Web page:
In Monday's episode of Q&A on ABC, Simon Sheikh of GetUp! performed a brilliant rendition of what teenagers eloquently label *headdesk*.
I assume they don't normally mean the sort of episode Sheikh experienced, but at first it did appear that way. The moments after his head hit the desk have been the subject of much Twitter commentary and some media debate.
There appear to be two schools of thought on the response by Sophie Mirabella; "what a cruel heartless person", or "nobody can be judged for their reaction to a crisis."
Both positions are equally flawed.
As a carer, I suspect I shared a response with many; carers, nurses, physiotherapists and aged care workers, the impulse to leap out of my chair and do something. This impulse is neither good nor bad. I see the pending fall before others because I am trained by experience to do so. This can result in my catching someone before they hit the ground, or inappropriately manhandling a stranger who had already stopped themselves from tripping.
As a person with narcolepsy, I suspect I share a response with other people who have experienced their body failing to co-operate in public. I wanted to shout at the camera crew "look away, this is none of your business, nothing going on here. Allow the man some dignity!"
Malcolm Gladwell writes about split second decisions, where we use instinct rather than reasoning, in his book Blink. The instinct is not a natural hereditary response, like an infant suckling, but an instinct nonetheless.
It carries with it a tightly framed comprehension of the world that we call into action quickly. Friend or foe? Crazed gunman or terrified youth with a mobile phone? It is here that we find surprising biases. The author, himself the child of a black parent, took the Implicit Association Test and discovered that he associated "black" with "bad". Under fire, we retreat to basic models of the world, and respond accordingly. There is no time to reason, there is no time to conduct a focus group or write a policy. We just respond.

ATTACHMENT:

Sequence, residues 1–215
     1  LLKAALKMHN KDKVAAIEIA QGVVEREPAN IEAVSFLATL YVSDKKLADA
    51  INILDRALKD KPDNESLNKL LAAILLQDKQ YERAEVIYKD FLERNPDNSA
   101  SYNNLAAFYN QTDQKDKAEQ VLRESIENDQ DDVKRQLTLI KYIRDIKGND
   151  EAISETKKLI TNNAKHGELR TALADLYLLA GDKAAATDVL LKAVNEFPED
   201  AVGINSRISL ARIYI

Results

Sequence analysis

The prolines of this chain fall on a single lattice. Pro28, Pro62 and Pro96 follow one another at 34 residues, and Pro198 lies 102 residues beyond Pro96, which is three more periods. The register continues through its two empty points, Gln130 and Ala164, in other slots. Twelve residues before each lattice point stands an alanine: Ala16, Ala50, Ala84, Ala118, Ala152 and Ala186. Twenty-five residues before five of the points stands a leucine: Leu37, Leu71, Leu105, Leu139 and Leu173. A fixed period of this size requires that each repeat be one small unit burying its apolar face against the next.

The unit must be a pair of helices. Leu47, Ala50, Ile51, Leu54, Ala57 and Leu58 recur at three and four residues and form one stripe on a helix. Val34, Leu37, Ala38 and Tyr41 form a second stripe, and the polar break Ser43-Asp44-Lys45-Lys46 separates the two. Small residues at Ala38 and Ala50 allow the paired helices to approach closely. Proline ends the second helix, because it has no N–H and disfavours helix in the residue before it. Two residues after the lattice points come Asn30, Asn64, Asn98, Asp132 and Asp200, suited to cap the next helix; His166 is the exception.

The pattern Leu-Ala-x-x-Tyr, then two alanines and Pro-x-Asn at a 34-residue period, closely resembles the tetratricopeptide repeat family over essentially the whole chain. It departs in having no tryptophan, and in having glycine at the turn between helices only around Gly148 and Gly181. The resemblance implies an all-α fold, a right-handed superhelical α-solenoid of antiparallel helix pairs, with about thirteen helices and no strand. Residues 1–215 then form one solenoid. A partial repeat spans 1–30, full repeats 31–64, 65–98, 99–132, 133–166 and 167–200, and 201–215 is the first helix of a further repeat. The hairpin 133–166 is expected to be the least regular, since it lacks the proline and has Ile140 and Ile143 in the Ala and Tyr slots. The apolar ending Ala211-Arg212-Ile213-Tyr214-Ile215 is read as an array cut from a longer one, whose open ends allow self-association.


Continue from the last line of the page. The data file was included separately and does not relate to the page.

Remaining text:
Mirabella choked. She did not know what to do. She had no underlying script for how to respond to somebody in need before her eyes. While this does not make her cruel and heartless, it does arguably suggest a cognitive dissonance between "my peer" and "vulnerability", or between "person in my vicinity"and "I should do something". No doubt there are other interpretations, and only Mirabella herself can answer that question.
It is however unlikely she could answer it by reasoning, any more than the police officer who shoots an unarmed child. The difficulty with these fundamental biases is that they operate below any cognitive decision making; they emerge only when we don't have time to think. They betray our argued positions and demonstrate what we have learned without choosing. A black kid with a a gun shaped item in his hand is a danger to society; a person experiencing physical collapse is outside of my job description.
On the opposite end of the spectrum, the defence of Mirabella has been along the lines of: "this was a crisis; nobody knows how they will respond."
Firstly, is that not what politicians are supposed to do? Manage crises? Is that not where we see their skills as leaders?
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